Send sensor data to HANA and visualized it in Fiori web application

Tags: Fiori, IoT, Internet of Things, SAP, HANA

In a university project cooperated with NETLIFE Consulting, I tried SAP HANA Internet of Things services. I made an interesting demo, where I connected two sensor to HANA Cloud Platform with a Raspberry Pi. After I successfully gathered data from device, I created a Fiori web application where I visualized that data.

In the world of IT, a new buzzword raised recently: The Internet of Things (IoT). It can be the next “Big Thing” and SAP SE wants to be part of it. In late September SAP announced a 2 billion dollar investment plan for IoT development over 5 years.

Internet of Things are the vast network of devices connected to the Internet , including smart phones and tablets and almost anything with a sensor on it – cars, machines in production plants, jet engines, oil drills, wearable devices, and more. These “things” collect (and exchange) an incredible amount of data.

The SAP HANA Cloud Platform – Internet of Things Services could be a great choice to handle this data. It allows clients to develop, customize, and operate IoT applications in cloud. This service is able to send or receive data if we connect our devices with it, and we can set a processing method for this data.

In a university project cooperated with NETLIFE Consulting, I had the chance to try the service recently.

My task was to send sensor data to HANA Cloud Platform with IoT Services, and visualized that data in Fiori web application.

IoT_the_task

The task

First, I got two TI SensorTag Bluetooth sensor and a Raspberry Pi 2. I registered a HANA trial account, and I activated the Internet of Thigs services.

The IoT services has two main services:

  • Remote Device Management Services (RDMS). It can manage the device lifecycle from onboarding to decommissioning and device and data modeling. Receive device information, configure devices remotely, and send data to devices.
  • Message Management Services (MMS). It supports various transport protocols and messaging formats for sending, receiving, and storing IoT data in the persistence layer of SAP HANA Cloud Platform.

IoT_Services_overview

IoT Services overview

Both have a graphical interface. On RDMS’s interface we can add message types, device types and devices.

MMS_cockpit

MMS cockpit

RDMS_cockpit

RDMS cockpit

In order to create a new message type, I needed to add the message type name and the attributes with data types that I wanted to send or receive. After this I got a message type ID-s, that I need use in the device.

To create new device type, I had to add the name, and the message types what the devices use to communicate. I also had to add the directions of the message types, which can be “From Device”, “To Device” or “Bidirectional”. After creating the device types, we get a “Device Type ID”, and an OAuth token, which can be used to authenticate the connections on the devices, in case you don’t want to add each device unique identification; otherwise, we have to add devices separately.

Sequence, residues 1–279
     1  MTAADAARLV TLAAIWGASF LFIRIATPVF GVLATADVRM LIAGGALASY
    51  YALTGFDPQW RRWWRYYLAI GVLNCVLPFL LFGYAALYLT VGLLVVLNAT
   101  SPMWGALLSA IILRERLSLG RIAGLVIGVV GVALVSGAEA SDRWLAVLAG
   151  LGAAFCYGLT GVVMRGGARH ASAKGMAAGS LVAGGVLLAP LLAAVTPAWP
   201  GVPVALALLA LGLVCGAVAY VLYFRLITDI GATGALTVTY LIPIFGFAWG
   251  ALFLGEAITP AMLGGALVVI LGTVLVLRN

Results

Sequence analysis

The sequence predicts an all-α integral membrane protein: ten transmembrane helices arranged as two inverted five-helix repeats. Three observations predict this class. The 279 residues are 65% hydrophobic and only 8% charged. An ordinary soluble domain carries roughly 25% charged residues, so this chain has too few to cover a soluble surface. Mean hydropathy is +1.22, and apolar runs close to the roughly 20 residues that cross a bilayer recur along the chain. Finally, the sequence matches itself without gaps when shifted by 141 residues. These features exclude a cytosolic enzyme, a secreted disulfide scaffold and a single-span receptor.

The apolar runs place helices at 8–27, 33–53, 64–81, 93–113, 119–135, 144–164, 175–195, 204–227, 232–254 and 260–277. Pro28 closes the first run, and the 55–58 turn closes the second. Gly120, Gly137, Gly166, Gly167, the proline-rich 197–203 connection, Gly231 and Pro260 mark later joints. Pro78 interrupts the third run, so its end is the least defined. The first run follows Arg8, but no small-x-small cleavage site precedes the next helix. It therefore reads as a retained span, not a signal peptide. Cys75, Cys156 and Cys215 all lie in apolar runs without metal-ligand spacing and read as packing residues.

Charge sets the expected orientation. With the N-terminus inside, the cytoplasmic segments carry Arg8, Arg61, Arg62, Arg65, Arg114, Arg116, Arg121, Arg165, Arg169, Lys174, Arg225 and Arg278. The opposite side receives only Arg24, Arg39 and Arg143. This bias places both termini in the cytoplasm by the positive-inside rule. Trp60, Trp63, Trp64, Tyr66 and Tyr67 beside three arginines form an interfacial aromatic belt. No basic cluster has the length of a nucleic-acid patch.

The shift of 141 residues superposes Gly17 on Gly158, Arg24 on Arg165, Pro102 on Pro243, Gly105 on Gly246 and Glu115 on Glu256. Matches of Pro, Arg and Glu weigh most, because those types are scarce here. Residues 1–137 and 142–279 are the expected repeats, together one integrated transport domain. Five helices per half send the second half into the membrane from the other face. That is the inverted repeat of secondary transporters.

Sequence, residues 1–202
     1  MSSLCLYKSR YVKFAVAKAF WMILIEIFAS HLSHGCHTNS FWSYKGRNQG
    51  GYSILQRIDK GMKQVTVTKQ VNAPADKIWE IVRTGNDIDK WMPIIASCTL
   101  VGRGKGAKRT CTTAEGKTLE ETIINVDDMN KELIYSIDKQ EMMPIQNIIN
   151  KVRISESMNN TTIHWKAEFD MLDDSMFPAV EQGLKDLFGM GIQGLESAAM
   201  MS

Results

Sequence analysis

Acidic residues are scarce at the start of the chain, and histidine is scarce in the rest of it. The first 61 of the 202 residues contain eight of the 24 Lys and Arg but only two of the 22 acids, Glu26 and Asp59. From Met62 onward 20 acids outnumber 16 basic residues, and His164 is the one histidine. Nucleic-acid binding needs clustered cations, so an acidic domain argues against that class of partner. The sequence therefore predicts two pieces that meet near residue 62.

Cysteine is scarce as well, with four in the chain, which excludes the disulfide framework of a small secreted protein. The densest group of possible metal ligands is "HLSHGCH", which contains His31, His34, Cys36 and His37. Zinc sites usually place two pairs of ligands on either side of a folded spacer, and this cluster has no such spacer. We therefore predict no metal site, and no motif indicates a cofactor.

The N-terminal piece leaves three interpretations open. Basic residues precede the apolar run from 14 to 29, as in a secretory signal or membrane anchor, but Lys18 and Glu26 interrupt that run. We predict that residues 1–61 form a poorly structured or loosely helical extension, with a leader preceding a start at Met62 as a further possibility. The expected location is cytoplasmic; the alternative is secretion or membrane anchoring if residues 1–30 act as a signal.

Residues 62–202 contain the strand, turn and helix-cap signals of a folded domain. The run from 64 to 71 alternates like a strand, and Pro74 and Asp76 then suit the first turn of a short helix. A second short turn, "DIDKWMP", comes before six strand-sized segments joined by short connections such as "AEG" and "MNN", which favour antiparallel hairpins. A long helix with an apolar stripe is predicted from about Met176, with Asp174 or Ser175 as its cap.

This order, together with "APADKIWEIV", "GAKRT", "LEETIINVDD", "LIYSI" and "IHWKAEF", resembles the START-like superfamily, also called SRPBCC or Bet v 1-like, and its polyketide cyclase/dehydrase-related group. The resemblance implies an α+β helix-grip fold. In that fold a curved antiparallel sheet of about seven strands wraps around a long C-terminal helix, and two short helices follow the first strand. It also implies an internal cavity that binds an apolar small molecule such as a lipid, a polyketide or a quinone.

I chose to add devices separately. I had to add the name of the device, and I selected the device type that I wanted to use. I could also add additional attributes with values, like MAC address or any custom details. Each device got a unique ID and OAuth token just like with the device types.

The HANA IoT Services can send messages through multiple protocol, like HTTP Request, WebSocket, or even MQTT over TCP/SSL or WebSocket. I chose simple WebSocket.

IoT_pic

Internet of Things

After I configured my devices and message types on HANA, I created a connection between the sensors and HANA Cloud platform with the Raspberry Pi with Raspbian Linux and Node.js framework. For the connection with the Bluetooth device, I used the “sensortag” npm. For the WebSoket connection I used “nodejs-websocket” library. In a JavaScript file I retrieved the data from the sensors and forwarded to the HANA server with a specific WebSocket connection. In that connection I used the Message Type ID, the Device Type ID and the OAuth token for each device. As host address I used my MMS’s URL.

After that I had a full functional connection between the sensors and the HANA Cloud Platform’s IoT services. The MMS saved that data in a default database, because I didn’t configure any specific data processing method.

The last step in my project was the visual interface. For that I used a SAP Fiori web Application. First I needed a data connection. I used the MMS embedded oData services, which made it easy to access my tables. I crated a table for each device, where I can see all data what the sensor gathered. Also I created a VizFrame line chart, where I can see all data changing over time.

With that and lot of documentation I finished my project and in the end I had a functioning model for the use of the SAP HANA IoT platform.

IoT_pic2


by Balázs Horváth

References:

  1. news.sap.com
  2. sap.com
  3. npmjs.com #1
  4. npmjs.com #2